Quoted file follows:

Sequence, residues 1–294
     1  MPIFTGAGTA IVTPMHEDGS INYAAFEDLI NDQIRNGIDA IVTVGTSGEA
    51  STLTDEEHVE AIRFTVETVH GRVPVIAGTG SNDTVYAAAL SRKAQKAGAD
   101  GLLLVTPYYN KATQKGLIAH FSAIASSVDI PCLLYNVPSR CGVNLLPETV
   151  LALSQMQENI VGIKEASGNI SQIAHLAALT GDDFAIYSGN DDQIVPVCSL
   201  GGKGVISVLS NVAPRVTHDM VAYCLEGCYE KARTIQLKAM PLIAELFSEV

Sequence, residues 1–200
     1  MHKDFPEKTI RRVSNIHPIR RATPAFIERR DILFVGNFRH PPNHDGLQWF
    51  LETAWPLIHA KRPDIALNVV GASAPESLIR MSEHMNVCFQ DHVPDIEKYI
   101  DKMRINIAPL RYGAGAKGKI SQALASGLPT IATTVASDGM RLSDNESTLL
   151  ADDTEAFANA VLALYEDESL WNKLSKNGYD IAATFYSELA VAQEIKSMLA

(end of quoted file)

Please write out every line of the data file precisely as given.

Sequence, residues 1–294
     1  MPIFTGAGTA IVTPMHEDGS INYAAFEDLI NDQIRNGIDA IVTVGTSGEA
    51  STLTDEEHVE AIRFTVETVH GRVPVIAGTG SNDTVYAAAL SRKAQKAGAD
   101  GLLLVTPYYN KATQKGLIAH FSAIASSVDI PCLLYNVPSR CGVNLLPETV
   151  LALSQMQENI VGIKEASGNI SQIAHLAALT GDDFAIYSGN DDQIVPVCSL
   201  GGKGVISVLS NVAPRVTHDM VAYCLEGCYE KARTIQLKAM PLIAELFSEV

Sequence, residues 1–200
     1  MHKDFPEKTI RRVSNIHPIR RATPAFIERR DILFVGNFRH PPNHDGLQWF
    51  LETAWPLIHA KRPDIALNVV GASAPESLIR MSEHMNVCFQ DHVPDIEKYI
   101  DKMRINIAPL RYGAGAKGKI SQALASGLPT IATTVASDGM RLSDNESTLL
   151  ADDTEAFANA VLALYEDESL WNKLSKNGYD IAATFYSELA VAQEIKSMLA